In the real world, favourable first impressions of the Ingenium are enhanced by recalling the particulate waft and gnawing vibrations its predecessor produced on start-up. The new engine isn’t whisper quiet (we’ll come back to that) but the fact that you can’t feel it through the control surfaces - or, indeed, smell it - is a significant advance.
With the start-up shudder gone and at low speeds, the all-aluminum unit spends its time convincing you of its better manners. It doesn't take long to be persuaded, given that one of the old engine’s worst vices was its inability to get underway without suffering chronic hesitation. Despite still defaulting into second gear (first being saved for towing or the muddy stuff), step-off is now seamless.
The nine-speed transmission is a big improvement on the old system. Inevitably, it favours a prompt downshift or two but, this time, the endless foraging for the torque band seems cleverly prearranged, rather than irritatingly ad-hoc.
This is important because, knowing that many of its buyers would never dream of troubling the rev limiter, Land Rover has spent its time extracting as much low-end tractability as possible. Consequently, at middling to high speeds, and with only shallow throttle input, the Discovery feels urgent with a pleasingly immediate, crest-of-a-wave kind of momentum.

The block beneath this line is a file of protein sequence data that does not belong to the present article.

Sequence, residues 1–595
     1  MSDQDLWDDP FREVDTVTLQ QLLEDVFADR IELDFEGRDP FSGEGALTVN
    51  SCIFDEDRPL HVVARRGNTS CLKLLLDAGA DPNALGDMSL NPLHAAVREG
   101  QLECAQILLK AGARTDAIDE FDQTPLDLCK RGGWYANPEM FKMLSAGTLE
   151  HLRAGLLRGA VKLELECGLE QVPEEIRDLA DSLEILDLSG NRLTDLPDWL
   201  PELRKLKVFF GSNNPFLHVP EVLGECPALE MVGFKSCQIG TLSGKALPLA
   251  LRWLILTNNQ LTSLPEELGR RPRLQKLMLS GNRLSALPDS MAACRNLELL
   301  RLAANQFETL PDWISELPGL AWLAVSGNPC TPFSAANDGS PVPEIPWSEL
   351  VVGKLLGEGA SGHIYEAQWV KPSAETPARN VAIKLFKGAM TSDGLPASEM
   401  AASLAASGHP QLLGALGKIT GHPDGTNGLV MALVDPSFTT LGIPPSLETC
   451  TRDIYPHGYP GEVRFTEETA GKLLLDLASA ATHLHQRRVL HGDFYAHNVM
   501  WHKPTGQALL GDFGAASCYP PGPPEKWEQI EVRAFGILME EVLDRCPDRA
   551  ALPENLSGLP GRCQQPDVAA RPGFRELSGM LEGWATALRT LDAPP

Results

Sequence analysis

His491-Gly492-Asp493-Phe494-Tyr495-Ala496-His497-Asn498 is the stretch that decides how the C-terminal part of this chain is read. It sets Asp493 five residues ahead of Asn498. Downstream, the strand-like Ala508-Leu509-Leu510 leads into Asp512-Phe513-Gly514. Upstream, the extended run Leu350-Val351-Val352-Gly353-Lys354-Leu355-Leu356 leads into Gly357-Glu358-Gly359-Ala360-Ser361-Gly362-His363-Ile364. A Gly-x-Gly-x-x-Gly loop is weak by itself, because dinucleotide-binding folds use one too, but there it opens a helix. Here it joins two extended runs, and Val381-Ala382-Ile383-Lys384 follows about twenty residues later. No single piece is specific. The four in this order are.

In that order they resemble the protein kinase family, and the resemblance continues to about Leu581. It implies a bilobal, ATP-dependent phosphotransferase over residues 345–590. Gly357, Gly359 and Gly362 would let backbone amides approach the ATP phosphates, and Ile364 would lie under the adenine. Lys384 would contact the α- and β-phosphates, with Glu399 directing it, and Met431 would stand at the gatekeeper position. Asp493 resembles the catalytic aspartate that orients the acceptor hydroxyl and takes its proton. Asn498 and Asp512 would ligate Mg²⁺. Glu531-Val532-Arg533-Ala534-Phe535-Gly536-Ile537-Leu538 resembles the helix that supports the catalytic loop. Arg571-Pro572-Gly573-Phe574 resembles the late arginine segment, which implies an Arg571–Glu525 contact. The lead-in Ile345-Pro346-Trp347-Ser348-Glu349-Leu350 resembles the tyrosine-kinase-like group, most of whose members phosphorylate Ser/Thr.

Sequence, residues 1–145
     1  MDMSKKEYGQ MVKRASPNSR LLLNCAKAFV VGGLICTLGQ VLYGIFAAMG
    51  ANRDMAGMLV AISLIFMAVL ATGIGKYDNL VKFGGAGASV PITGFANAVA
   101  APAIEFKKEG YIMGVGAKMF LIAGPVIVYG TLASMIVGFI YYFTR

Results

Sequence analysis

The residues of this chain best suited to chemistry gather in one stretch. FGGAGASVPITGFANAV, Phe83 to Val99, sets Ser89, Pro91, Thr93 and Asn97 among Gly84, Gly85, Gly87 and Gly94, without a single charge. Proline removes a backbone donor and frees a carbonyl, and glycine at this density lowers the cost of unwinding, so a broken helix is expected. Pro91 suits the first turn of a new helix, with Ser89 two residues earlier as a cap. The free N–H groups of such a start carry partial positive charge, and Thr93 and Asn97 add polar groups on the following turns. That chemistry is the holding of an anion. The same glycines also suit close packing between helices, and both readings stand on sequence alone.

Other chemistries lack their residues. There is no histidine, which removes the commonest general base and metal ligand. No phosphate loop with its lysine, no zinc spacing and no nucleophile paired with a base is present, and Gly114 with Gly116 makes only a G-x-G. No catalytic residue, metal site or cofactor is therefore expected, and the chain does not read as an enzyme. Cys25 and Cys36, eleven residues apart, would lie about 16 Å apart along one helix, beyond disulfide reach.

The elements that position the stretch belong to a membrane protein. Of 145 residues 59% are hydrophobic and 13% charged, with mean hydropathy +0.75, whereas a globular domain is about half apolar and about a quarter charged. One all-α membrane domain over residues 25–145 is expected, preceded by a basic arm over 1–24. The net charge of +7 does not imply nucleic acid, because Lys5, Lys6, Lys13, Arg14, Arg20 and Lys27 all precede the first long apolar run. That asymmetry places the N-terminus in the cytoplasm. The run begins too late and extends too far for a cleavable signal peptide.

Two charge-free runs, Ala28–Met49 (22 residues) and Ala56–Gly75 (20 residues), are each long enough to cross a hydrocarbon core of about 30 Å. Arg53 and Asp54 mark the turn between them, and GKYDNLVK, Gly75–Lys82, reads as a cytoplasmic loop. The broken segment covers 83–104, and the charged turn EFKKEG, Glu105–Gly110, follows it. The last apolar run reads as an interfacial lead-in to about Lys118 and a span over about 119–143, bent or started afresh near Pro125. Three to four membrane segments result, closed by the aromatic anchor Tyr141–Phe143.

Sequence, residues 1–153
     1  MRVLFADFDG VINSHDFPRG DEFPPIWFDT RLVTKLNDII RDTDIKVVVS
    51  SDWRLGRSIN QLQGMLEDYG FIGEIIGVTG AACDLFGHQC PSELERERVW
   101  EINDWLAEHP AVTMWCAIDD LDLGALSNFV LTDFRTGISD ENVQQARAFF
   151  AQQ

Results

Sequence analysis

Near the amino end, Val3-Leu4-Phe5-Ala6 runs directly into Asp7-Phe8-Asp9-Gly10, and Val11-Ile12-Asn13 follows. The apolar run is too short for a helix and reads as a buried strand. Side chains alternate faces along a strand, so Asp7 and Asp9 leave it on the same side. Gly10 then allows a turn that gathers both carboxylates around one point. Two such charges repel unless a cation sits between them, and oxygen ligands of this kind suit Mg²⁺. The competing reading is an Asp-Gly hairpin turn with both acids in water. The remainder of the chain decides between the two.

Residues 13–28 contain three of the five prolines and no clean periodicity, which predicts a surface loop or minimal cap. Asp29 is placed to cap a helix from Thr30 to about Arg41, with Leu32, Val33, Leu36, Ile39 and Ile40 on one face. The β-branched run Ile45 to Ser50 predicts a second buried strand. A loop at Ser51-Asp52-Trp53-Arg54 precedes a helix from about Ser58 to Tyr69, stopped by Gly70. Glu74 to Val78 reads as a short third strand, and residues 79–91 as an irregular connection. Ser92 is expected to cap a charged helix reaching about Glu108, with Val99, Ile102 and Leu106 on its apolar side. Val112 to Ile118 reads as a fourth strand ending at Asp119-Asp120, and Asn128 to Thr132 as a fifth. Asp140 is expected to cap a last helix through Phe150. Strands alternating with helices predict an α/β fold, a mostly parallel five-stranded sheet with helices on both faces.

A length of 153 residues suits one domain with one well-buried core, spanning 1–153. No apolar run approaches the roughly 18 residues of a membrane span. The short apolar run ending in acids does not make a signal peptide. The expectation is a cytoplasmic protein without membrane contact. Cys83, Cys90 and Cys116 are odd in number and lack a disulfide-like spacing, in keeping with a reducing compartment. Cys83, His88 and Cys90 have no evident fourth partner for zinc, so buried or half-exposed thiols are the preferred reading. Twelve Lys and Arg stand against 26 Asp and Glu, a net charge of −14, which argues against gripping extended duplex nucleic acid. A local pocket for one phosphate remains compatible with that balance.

True, the 2.2-litre motor was not short on twist either but this is a much sleeker brand of impetus delivered without any nasty swell, or surge or splutter. This progressiveness feels well connected to your right foot, too; an important quality given how the rest of the vehicle does such a sterling job of making you feel well connected to the road.
The Ingenium’s biddable urgency matches perfectly the car’s fabulous primary ride, effortlessly extending its handling advantage over the opposition, despite the secondary control's remaining bittiness. If that’s the chassis’s one deficiency, the engine’s is its irrepressible volume.
The toneless, bustling churn of the four-pot identified elsewhere hasn’t been eradicated by the Discovery’s thicker skin. While you’re not going to notice at the kind of low revs the nine-speed 'box quickly tidies you into, you will when you’re accelerating. Being noisier in this phase than the modest, much older 1.6-litre TDI VW Golf that I drove to Eastnor probably isn’t where a £40,000 SUV of the Discovery's calibre ought to be.